But we've spoken with about a dozen current and former local cops in the last few days (most of them initiated the contact), and check thisout:
When mentioning the highly publicized (and highly charged) incident near the intersection of Interstate 8 and Arizona Route 84 last Friday afternoon, every last one of them brought up the name Franklin Brown.
(Our list of sources did not include Pinal County Sheriff Paul Babeu, the gent in the photo.)
Longtime readers of our paper may remember the story we did awhile back on onetime Phoenix Police Officer Brown.
It was entitled "A Shot in the Dark."
The facts of that case do have some curious similarities with the Pinal County case: Brown claimed that, in the wee hours of July 5, 2000, a Latino flagged down his cruiser in an then-unpopulated area of 95th Avenue and Lower Buckeye Road.
Brown described how the man knocked him to the ground, and then shot him with a handgun as two accomplices armed with automatic weapons looked on.
Brown said he repelled the trio during a ferocious gunfight that lasted almost 30 minutes--30 minutes!--sustaining minor bullet wounds to his left hand and to his chest in the process.
The events won Brown selection as a "Top Cop" by the National Association of Police Organizations (NAPO) -- the equivalent of an Oscar for police officers--and his own own department's Medal of Valor.
The popular television show America's Most Wanted aired an episode on the case, portraying Brown as heroic.
But Brown's story didn't pass muster (read the attachment if you want to know more), and Phoenix police eventually placed him on administrative leave.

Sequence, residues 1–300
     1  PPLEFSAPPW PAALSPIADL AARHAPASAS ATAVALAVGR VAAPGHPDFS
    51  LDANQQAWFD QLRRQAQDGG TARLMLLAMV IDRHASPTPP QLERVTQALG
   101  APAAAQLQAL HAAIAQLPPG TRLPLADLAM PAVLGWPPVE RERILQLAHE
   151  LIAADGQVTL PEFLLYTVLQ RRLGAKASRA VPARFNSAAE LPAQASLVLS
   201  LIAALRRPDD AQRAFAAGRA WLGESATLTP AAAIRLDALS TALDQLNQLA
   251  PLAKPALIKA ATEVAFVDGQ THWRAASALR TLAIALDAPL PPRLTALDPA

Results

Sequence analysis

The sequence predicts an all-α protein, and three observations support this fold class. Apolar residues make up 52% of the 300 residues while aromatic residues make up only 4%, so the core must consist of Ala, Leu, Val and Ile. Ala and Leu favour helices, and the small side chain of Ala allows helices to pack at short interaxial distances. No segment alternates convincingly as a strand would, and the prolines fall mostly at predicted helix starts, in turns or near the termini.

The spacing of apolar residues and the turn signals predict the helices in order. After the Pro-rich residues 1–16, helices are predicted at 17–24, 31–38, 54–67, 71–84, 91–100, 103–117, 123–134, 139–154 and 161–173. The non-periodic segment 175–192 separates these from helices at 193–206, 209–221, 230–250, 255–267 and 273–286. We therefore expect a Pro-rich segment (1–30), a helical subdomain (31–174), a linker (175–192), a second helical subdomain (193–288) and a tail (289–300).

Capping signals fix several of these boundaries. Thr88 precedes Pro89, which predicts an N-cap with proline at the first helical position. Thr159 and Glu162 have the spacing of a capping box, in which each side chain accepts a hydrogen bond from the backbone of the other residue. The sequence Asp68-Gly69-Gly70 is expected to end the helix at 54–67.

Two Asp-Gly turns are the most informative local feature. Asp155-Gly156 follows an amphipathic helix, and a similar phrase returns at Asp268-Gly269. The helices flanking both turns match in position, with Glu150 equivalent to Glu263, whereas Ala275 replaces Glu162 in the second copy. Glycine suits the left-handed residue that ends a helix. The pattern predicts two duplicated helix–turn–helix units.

Brown later just left the department without formally getting fired.
NAPO, by the way, rescinded the dude's "Top Cops" award shortly before he was to fly to Washington, D.C., to accept it.
In the story, we quoted Tod Burke, a criminal justice professor at Radford University in Virginia. Burke published a paper titled "Munchausen's Syndrome in Law Enforcement" in a 1992 journal.
"An officer faced with overwhelming interpersonal stress or threat of loss, creates an incident in which he . . . is the victim and occasionally the hero," wrote Burke, a former cop himself. "The officer creates a situation in which he becomes the focus of sympathy, concern, and care."
Again, we have no evidence at this point that suggests Deputy Puroll is anything but a stellar peace officer.
But, as we say, questions quietly have arisen among some law-enforcement types about the bizarre incident in the desert last Friday afternoon.
We're curious about the shots allegedly fired at police helicopters shortly after the 53-year-old deputy was grazed by one bullet during what he described as a full-scale shootout.
It is said that it took about an hou for backup to locate their slightly wounded comrade.
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Come to think of it, the whole thing does sound rather strange, though strange is a way of life these days in the great State of Arizona.
How the deputy survived is beyond us.
We do know this: A battle looms (among media types, not with alleged illegal aliens) local and national for the so-called "get" -- the first interview with Deputy Puroll.
We'll keep an eye on how this one plays out.